In front of one of CERN’s most imposing and industrious buildings stands a statue of Dancing Shiva. During the day it’s a beautiful reminder of the friendship between CERN and India, celebrating the cosmic ballet that surrounds us all. By night it casts an ominous shadow over building 40, where discoveries are made, decisions are taken, results are shared and gossip is spread. But what does Shiva represent to us?
The Dancing Shiva represents the changes in the universe around us, as matter and energy constantly bump into each other, create and destroy systems and keep renewing the world. I suppose we can attach any meaning we like to this, the constant chatter of culture, the renewal of our population as people die and children and born, the violent cosmological events that keep reorganizing the universe. Any and all of these interpretations are beautiful, powerful and majestic, but for me there is one interpretation which excites me more than any other and holds a very deep truth in it. This cosmic dance is the interaction of matter and antimatter.
Whenever we create new particles we create them in matter-antimatter pairs. They are literally equal and opposite components that make up everything we see. When they meet, they destroy each other in a burst of energy. If that was all there was to matter and antimatter, it would make a rather beautiful cosmic ballet, but not an interesting one. The fascinating part of the story is when we remember that we have more matter than antimatter, which means that this particular cosmic ballet is unbalanced, and the statue is a constant reminder of this fact.
We don’t know why nature prefers to matter to antimatter, and until we know why we can’t really claim to understand how the universe works. We know how one mechanism has a preference (the weak force interacting with quarks) but this is much too small to explain the whole story. Whenever collide protons together at the LHC we have to live with the fact that we’re colliding matter with more matter in a detector made of matter. The particles that escape are not quite half matter half antimatter, as we might like. After a while, all the particles (except the neutrinos) slow down, decay and hit some rock. They join the rest of the stuff around them and either annihilate or get comfortable and settle in with their surroundings. All we’re really doing is moving matter around in a very complicated way; nature balances the books and every piece of antimatter we created (except the antineutrinos) gets removed from this small part of the universe. The cosmic dance continues, and if we’re lucky we get a small glimpse into how it really works. On the tiny, insignificant scales we work on we don’t see much of an imbalance at all. When we look up to the stars we see matter everywhere we look, across vast distances and far back in time.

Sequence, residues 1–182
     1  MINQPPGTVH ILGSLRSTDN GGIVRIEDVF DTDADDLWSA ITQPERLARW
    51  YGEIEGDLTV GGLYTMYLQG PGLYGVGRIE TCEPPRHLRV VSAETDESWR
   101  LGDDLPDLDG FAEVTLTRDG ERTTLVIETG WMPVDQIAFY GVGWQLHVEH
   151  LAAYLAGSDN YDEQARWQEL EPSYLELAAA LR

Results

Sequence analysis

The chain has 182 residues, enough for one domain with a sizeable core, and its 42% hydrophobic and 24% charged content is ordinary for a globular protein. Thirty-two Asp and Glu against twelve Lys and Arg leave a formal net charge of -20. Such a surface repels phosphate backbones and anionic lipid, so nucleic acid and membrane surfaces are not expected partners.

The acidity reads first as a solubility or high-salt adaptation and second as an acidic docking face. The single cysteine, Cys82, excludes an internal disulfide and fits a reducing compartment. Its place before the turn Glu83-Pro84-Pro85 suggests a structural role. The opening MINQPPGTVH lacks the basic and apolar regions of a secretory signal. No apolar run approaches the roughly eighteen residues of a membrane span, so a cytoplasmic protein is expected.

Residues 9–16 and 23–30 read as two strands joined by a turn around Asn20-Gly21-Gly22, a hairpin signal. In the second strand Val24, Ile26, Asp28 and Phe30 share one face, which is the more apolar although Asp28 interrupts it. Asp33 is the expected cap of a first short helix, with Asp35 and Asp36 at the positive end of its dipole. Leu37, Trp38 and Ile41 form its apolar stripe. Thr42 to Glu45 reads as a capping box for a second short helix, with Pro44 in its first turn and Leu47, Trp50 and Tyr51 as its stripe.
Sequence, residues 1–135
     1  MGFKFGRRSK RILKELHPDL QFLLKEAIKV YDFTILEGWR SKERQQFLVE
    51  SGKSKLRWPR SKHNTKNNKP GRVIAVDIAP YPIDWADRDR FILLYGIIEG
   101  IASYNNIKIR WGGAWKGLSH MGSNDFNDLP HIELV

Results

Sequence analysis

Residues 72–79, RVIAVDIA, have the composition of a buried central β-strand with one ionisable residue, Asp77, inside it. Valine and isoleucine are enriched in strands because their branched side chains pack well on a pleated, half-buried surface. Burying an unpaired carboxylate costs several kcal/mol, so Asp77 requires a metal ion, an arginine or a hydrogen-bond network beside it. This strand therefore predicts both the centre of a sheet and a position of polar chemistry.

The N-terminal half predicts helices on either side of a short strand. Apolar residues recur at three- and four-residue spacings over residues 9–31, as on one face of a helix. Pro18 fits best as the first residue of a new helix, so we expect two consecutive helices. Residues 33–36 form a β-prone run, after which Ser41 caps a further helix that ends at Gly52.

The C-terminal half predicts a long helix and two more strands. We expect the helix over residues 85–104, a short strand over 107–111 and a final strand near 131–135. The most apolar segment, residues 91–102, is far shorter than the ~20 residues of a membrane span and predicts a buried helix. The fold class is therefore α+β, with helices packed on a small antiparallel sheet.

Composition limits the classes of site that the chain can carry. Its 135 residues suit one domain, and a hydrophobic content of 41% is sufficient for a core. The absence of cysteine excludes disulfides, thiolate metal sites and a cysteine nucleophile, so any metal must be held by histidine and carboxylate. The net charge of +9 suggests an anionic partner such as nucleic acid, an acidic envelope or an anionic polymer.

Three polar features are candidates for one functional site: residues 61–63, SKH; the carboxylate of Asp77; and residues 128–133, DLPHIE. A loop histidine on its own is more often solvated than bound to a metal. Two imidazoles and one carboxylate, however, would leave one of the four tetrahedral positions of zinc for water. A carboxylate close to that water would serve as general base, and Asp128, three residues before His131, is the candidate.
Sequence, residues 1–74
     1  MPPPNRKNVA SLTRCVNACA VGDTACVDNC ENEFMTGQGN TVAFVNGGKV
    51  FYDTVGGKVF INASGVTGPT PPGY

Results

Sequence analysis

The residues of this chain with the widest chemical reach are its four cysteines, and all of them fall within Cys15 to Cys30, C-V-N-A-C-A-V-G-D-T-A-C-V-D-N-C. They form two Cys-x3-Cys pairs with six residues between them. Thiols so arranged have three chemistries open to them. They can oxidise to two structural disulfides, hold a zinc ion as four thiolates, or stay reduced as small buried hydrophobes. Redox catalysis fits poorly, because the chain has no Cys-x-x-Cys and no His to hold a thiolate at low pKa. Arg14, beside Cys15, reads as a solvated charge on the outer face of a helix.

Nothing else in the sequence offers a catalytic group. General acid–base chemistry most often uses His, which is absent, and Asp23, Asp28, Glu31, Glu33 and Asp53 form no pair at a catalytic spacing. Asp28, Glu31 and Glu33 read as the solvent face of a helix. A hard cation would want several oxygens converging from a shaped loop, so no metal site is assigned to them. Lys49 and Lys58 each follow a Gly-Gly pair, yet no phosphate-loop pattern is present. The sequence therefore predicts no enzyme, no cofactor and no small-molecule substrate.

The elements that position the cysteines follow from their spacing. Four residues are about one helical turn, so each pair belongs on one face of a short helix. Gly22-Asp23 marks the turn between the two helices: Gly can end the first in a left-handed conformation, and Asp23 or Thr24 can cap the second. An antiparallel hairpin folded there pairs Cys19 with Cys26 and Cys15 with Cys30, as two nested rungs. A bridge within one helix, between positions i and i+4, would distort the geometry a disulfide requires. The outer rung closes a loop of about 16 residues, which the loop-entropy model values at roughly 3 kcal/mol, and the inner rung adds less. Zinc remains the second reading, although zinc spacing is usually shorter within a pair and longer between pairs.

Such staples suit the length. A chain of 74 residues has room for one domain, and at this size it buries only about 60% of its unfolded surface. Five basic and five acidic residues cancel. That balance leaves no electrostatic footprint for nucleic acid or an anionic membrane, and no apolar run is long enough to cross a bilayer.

Nature’s balance sheet has a few implications for our physics. For example, every time we produce a Higgs boson, we also produce a lot of noise in the detectors as well. In a matter-antimatter collider (such as LEP or Tevatron) this is less of a problem, since the Higgs boson is neither matter nor antimatter, it’s equal amounts of both. To create a Higgs boson we would need to create at least one antiparticle, and that takes a lot of energy. With this extra particle we get a lot more particles “for free”, leading to all kinds of noise!
So in the light of day, when CERN is teeming with life Shiva seems playful, reminding us that the universe is constantly shaking things up, remaking itself and is never static. But by night, when we have more time to contemplate the deeper questions Shiva literally casts a long shadow over our work, a bit like the shadows on Plato’s cave. Shiva reminds me that we still don’t know the answer to one of the biggest questions presented by the universe, and that every time we collide the beams we must take the cosmic balance sheet into account.
It’s rare that we get a symbol that inspires both clarity and beauty. It’s almost poetic. Why does Shiva prefer to destroy antimatter more than matter? The more data we gather the better chance we have of finding the answer to that question. I don’t think we’ll ever stop wondering about this question. It’s the reason there’s something instead of something and antisomething. It’s the reason atoms exist and stars can form. And yet the answer is still out of our grasp.